Special Investigation Units (SIUs)
Many insurance companies have established special investigation units (SIUs) to help identify and investigate suspicious claims; some insurance companies outsource their units to other insurers. In 1999, 40 percent of property/casualty insurers had SIUs, according to the Coalition against Insurance Fraud. By 2001, that proportion had more than doubled.
These units range from a small team, whose primary role is to train claim representatives to deal with the more routine kinds of fraud cases, to teams of trained investigators, including former law enforcement officers, attorneys, accountants and claim experts to thoroughly investigate fraudulent activities. More complex cases, involving large scale criminal operations or individuals that repeatedly stage accidents, may be turned over to the National Insurance Crime Bureau (NICB). This insurance industry-sponsored organization has special expertise in preparing fraud cases for trial and serves as a liaison between the insurance industry and law enforcement agencies. In addition, it publicizes the arrest and conviction of the perpetrators of insurance fraud to help deter future criminal activities. Insurance company surveys confirm that SIUs dramatically impact the bottom line of many insurance companies.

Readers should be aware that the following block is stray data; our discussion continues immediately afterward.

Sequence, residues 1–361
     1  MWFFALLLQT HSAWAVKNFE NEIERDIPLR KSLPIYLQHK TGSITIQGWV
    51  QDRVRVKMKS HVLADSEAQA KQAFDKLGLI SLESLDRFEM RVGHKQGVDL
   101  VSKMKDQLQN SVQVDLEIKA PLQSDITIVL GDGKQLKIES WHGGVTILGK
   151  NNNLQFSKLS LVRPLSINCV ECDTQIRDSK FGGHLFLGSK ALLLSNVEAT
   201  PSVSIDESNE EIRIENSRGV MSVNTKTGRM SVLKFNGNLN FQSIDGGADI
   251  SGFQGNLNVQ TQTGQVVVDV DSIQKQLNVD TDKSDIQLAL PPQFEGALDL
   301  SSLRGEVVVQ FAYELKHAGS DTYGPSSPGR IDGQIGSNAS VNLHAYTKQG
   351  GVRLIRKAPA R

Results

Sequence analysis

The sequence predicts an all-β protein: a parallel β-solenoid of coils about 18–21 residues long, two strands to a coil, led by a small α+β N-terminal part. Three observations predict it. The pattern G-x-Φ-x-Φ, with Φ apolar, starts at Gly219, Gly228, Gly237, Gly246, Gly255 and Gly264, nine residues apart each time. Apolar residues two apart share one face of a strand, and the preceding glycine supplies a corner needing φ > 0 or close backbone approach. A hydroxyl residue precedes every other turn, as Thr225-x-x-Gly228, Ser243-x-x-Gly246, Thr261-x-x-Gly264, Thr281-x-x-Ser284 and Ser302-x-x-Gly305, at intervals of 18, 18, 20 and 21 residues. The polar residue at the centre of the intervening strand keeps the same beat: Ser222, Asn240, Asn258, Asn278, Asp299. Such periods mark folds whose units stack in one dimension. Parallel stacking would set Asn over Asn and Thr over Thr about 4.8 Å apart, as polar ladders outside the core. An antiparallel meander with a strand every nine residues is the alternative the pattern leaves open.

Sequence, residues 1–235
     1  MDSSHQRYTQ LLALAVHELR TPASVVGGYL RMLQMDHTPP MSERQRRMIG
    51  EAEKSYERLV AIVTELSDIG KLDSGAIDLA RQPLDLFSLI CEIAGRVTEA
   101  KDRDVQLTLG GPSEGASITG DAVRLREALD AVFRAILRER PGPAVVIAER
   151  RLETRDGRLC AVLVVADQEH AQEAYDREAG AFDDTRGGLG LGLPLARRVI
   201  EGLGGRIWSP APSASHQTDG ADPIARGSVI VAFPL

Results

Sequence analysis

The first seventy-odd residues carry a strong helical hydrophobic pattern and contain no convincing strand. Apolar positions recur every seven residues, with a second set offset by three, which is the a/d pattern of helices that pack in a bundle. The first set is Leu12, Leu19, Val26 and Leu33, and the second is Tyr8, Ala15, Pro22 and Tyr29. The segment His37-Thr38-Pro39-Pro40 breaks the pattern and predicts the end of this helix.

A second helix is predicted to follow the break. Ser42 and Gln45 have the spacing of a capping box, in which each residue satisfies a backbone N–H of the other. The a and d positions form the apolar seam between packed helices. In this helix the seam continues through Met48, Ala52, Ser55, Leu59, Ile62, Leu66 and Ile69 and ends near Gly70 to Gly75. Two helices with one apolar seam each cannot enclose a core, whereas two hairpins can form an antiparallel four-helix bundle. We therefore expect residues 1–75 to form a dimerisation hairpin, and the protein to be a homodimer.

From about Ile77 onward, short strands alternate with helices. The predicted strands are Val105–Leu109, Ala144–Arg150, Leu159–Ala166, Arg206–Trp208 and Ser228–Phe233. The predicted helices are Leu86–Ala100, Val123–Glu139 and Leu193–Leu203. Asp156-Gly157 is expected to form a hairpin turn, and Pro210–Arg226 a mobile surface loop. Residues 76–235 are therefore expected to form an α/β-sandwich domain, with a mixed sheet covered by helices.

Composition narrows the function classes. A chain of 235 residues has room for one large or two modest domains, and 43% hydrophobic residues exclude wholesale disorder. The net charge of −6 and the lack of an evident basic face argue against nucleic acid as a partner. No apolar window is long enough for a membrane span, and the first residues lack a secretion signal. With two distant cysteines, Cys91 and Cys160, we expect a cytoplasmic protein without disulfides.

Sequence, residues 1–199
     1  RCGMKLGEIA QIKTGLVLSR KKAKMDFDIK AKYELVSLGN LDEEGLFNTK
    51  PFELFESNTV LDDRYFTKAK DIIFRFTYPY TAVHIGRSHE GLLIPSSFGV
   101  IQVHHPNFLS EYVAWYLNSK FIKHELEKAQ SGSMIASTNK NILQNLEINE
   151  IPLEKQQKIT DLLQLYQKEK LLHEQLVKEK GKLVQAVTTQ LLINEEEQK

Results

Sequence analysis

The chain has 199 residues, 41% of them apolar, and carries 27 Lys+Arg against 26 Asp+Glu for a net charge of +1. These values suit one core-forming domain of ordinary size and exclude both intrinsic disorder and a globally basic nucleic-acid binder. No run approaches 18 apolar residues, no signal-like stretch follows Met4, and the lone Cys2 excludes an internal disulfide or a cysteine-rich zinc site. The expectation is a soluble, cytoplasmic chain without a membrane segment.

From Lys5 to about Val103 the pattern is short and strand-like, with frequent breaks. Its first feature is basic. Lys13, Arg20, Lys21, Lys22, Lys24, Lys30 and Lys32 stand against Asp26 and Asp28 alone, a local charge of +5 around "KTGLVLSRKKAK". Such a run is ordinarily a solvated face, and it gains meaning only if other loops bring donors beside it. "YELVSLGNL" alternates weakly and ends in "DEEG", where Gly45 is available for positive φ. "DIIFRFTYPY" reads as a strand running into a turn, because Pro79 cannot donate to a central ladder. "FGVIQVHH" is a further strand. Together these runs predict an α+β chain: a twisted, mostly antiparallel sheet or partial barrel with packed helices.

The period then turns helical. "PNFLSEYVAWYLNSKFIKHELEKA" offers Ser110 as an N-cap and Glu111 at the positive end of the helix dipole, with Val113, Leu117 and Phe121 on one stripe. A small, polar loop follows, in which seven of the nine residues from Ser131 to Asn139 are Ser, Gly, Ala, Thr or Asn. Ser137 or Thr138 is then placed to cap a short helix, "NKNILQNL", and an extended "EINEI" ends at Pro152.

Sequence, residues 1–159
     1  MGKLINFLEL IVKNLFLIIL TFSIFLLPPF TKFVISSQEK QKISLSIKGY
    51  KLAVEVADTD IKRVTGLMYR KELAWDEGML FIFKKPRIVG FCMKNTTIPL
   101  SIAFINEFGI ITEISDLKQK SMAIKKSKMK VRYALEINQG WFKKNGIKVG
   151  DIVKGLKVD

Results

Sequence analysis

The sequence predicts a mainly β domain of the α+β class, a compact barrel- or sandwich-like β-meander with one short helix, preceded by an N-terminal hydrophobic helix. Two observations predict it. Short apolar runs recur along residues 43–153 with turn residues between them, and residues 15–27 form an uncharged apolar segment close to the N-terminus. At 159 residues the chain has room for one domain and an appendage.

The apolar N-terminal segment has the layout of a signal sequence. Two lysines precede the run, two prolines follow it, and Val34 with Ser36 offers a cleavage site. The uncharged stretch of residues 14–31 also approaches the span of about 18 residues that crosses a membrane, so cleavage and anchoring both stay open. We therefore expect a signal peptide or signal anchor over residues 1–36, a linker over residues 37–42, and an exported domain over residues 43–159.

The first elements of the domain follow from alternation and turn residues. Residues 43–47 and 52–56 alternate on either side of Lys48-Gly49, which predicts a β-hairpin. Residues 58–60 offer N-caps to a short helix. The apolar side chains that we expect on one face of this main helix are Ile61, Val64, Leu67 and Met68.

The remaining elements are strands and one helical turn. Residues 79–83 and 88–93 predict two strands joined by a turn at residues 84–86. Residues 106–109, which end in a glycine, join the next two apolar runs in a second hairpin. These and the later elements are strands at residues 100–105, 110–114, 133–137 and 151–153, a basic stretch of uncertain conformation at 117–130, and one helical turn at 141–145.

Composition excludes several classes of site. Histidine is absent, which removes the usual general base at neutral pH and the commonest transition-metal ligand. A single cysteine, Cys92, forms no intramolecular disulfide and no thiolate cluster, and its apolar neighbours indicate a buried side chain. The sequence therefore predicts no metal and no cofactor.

In the mid-1990s insurers said that for every dollar they invested in antifraud efforts, including SIUs, they got up to $27 back, but these returns have become harder to achieve as the more apparent fraud schemes have been uncovered and more effort is necessary to ferret out the sophisticated fraud that remains. A 2000 study by Conning Research & Consulting suggests that results vary widely. Using the ratio of “claims exposure reduction” to the expense of running SIUs, the study found ratios ranging from a low of 3 to 1 to a high of 27 to 1, depending on the year and line of insurance. Although some insurers are cutting back on fraud investigation by outsourcing investigations and dissolving their fraud units, advances in software technology, especially programs that sift though the millions of claims that large health insurers process annually, are proving effective in fighting fraud. These “data mining” programs can uncover repetitions and anomalies and analyze links to fraudulent activities or entities.